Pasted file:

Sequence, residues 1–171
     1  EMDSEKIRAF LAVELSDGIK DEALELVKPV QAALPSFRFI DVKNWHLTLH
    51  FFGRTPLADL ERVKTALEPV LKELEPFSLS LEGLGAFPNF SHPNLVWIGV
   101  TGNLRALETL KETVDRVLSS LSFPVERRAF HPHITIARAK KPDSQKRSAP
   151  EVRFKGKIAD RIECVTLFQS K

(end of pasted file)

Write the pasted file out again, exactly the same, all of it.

Sequence, residues 1–171
     1  EMDSEKIRAF LAVELSDGIK DEALELVKPV QAALPSFRFI DVKNWHLTLH
    51  FFGRTPLADL ERVKTALEPV LKELEPFSLS LEGLGAFPNF SHPNLVWIGV
   101  TGNLRALETL KETVDRVLSS LSFPVERRAF HPHITIARAK KPDSQKRSAP
   151  EVRFKGKIAD RIECVTLFQS K